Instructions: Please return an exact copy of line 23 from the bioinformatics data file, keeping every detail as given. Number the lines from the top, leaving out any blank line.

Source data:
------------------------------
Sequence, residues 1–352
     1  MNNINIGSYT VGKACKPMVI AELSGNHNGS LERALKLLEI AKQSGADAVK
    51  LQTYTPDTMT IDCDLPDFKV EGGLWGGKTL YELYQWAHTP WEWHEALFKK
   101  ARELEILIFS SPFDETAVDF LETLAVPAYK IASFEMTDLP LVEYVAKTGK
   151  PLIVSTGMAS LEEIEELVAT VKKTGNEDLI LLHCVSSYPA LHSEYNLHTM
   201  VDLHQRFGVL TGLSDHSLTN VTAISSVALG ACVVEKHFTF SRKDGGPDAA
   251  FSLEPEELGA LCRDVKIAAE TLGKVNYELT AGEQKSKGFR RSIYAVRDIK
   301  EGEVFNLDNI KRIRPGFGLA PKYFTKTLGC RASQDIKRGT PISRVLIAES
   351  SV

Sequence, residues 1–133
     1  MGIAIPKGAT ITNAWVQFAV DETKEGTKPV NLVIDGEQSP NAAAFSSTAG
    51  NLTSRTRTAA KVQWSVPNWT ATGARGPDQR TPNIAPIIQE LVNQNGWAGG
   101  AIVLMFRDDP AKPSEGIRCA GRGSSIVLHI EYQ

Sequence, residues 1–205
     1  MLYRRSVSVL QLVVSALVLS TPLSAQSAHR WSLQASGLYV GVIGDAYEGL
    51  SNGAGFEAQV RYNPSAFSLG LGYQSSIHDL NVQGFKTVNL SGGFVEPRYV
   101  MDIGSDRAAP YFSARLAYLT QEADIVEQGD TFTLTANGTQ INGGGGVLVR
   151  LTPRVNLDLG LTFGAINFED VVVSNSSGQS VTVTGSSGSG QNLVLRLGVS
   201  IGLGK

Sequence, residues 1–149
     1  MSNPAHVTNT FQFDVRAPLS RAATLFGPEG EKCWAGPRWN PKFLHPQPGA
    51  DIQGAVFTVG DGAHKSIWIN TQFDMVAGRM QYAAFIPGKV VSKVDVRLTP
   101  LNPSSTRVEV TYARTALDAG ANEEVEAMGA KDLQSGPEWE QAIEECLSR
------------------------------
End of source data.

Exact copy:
   101  LNPSSTRVEV TYARTALDAG ANEEVEAMGA KDLQSGPEWE QAIEECLSR